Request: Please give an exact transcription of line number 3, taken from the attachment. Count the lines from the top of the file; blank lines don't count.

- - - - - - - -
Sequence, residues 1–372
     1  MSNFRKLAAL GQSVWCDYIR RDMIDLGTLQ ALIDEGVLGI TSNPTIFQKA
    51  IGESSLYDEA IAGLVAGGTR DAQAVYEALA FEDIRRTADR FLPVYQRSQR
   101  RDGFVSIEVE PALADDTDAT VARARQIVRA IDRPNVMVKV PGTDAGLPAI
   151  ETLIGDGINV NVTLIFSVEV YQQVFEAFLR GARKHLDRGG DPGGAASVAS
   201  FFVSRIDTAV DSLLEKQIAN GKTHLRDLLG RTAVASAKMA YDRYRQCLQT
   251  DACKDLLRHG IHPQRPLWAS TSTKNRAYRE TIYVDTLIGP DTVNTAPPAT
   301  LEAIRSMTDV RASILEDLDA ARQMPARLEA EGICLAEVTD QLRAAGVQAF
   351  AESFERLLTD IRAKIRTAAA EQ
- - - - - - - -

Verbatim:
    51  IGESSLYDEA IAGLVAGGTR DAQAVYEALA FEDIRRTADR FLPVYQRSQR